There is no need to pore over questionable differences in the IR spectrum when an alternative technique is much more efficient. In all of the comparisons cited above the materials are semicrystalline in structure and therefore have distinct melting points. Since DSC is designed to determine these melting points, it is a logical alternative that can provide the necessary detail. Figure 2 shows a DSC scan comparing the same acetal materials illustrated in Figure 1. Here the differences are obvious. The homopolymer has a higher degree of structural order that results in not only a higher melting point but also a higher heat of fusion. 

Now for the flip side of this picture. Amorphous materials have no well-defined melting point. Instead, they soften as they pass through the glass transition. This is an event that can be measured by DSC but is far less energetic than a melting point. More importantly, a lot of polymers have glass transition temperatures in the same general temperature range. 

Figure 3 shows glass transitions for a general-purpose polystyrene (GPPS), a high-impact polystyrene (HIPS), and an ABS. Now, a manufacturer of DSC equipment might try to convince a prospective customer that these differences of 4 deg C are distinctive and sufficient to distinguish between these materials. But such variations can be typical of lot-to-lot variation or even the result of a particular thermal history. 

In addition, these are just a few of the many polymers that have a glass transition temperature in this region. Some grades of PPO/polystyrene, SAN, and many acrylics will also appear in this temperature region. Here infrared is invaluable because all of these materials contain chemical bonds that make them unique.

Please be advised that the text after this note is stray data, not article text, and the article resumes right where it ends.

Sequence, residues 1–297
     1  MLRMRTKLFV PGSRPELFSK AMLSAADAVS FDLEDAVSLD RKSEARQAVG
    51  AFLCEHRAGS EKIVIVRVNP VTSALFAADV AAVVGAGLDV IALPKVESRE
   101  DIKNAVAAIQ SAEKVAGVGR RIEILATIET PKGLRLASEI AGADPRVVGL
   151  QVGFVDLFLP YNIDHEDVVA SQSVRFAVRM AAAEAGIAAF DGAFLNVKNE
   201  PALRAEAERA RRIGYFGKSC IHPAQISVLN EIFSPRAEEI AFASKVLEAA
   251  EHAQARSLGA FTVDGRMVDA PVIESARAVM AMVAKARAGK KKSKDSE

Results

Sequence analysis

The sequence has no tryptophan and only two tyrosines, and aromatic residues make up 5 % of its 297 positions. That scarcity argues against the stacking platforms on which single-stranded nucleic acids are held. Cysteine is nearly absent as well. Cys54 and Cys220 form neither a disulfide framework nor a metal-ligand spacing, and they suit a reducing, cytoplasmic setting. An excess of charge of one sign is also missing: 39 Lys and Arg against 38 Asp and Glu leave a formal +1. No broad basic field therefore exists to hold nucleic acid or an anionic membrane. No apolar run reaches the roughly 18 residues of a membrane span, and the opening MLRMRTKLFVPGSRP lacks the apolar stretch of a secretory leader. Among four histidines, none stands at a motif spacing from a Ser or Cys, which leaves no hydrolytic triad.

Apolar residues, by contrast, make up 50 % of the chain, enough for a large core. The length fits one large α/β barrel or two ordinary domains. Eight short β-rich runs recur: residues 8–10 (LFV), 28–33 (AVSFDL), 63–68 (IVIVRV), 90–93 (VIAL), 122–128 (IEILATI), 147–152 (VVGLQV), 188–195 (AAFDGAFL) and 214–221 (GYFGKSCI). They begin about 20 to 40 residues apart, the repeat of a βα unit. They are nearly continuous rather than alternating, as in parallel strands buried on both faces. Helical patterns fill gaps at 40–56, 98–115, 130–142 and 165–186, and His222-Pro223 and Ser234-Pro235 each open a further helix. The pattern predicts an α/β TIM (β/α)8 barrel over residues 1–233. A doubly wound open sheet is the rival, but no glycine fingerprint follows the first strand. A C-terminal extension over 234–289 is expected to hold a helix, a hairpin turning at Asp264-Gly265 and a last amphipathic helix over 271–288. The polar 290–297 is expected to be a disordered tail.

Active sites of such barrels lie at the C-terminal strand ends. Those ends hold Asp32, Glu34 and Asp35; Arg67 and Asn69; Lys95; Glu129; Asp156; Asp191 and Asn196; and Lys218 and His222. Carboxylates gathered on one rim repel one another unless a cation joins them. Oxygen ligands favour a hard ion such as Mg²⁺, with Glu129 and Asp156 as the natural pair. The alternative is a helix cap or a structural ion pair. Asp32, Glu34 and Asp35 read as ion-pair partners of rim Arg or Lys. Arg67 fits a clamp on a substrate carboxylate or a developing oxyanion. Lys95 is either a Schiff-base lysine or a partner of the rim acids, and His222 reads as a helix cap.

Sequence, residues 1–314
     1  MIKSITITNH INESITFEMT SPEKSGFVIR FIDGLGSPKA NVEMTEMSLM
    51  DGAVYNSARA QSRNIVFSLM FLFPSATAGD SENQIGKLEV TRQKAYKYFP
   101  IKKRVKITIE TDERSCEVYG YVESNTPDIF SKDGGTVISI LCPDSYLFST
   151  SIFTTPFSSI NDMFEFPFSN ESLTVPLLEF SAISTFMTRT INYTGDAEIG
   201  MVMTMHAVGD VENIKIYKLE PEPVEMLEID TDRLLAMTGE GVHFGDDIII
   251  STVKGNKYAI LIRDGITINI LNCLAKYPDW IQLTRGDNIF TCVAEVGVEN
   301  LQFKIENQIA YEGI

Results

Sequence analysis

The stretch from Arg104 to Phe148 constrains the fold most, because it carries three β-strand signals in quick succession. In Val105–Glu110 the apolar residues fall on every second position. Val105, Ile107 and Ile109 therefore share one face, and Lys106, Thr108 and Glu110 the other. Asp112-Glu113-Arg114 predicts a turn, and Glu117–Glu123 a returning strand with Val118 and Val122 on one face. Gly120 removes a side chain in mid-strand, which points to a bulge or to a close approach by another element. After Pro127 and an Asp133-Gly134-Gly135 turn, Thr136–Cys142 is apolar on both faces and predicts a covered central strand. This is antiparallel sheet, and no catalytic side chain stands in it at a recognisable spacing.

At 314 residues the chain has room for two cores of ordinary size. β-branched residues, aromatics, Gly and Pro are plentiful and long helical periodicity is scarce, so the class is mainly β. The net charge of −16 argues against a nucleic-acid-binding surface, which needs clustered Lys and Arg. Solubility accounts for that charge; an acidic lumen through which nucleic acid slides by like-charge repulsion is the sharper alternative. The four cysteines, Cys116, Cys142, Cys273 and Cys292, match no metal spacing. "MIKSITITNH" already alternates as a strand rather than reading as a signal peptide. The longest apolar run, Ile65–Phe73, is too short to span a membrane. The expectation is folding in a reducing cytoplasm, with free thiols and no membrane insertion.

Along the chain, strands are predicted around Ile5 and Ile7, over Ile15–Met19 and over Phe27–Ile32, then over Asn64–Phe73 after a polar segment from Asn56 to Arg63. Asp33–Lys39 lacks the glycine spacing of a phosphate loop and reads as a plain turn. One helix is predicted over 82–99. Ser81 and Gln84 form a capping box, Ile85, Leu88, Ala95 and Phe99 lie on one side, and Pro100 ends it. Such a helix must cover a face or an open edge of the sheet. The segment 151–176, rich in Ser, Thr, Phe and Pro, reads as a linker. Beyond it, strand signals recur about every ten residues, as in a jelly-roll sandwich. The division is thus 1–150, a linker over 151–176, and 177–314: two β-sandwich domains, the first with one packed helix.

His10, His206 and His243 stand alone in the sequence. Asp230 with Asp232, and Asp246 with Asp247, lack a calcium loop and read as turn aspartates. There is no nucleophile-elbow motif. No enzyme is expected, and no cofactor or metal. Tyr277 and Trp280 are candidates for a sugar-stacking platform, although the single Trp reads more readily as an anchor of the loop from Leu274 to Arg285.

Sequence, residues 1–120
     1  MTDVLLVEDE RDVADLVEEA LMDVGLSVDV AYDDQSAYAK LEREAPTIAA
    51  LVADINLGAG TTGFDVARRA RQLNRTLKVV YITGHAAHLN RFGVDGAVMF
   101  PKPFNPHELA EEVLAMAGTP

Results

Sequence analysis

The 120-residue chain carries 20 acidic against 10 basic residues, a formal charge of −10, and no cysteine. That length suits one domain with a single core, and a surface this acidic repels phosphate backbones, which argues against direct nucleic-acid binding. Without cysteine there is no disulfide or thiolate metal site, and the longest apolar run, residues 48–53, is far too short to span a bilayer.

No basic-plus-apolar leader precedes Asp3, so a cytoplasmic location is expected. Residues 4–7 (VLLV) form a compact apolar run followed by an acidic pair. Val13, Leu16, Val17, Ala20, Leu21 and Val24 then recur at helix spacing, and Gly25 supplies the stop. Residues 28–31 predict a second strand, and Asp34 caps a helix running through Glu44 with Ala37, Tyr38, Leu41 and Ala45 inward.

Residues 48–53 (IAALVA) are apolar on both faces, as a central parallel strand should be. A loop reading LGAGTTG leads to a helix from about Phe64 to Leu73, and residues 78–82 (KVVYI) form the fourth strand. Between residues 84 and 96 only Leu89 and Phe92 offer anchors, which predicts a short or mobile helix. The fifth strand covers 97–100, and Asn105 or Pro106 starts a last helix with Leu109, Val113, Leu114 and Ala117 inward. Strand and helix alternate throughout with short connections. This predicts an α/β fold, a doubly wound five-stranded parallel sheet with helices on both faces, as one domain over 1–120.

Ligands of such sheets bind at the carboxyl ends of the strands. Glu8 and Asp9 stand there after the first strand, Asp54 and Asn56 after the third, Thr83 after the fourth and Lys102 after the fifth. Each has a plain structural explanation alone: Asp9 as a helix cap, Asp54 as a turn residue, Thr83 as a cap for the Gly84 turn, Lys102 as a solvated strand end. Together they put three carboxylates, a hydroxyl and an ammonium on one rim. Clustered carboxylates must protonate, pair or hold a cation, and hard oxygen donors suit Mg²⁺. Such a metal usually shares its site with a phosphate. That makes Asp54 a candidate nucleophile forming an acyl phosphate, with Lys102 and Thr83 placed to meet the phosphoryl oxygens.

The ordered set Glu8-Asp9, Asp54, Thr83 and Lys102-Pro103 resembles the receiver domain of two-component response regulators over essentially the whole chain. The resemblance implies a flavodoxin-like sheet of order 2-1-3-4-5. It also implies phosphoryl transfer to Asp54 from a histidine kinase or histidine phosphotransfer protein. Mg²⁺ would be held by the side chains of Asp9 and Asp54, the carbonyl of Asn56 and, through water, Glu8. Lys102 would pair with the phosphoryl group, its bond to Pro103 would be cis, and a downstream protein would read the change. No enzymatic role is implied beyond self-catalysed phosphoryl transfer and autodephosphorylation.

Figure 4 shows a comparison of the GPPS and the HIPS by infrared. While they are very similar because they share a lot of the same bonding, the butadiene rubber in the HIPS has a distinctive absorption at 965 cm-1 that will not appear in the spectrum of the unmodified material. Figure 5 shows a spectrum of the ABS and highlights another detail that the DSC cannot pick up. The sharp peak at 2240 cm-1 is distinct to a bond in the acrylonitrile. 



TGA vs. DSC
Previously, we mentioned that TGA was useful because it deals quantitatively with the weight losses due to decomposition. In this respect it has an advantage over both DSC and IR where quantitation requires multiple standards for comparison. TGA is frequently ineffective in picking out different polymers in a compound because many materials decompose over the same general temperature range. Even in a polymer blend where a substantial amount of two or more polymers is present, an exact breakdown can be difficult because the decomposition patterns overlap. 

But on occasion we get lucky. One of these instances involves acetal materials modified with PTFE (Teflon). Figure 6 shows a TGA test result for this popular bearing material. The weight loss and the weight loss rate are both shown to highlight the composition of the material.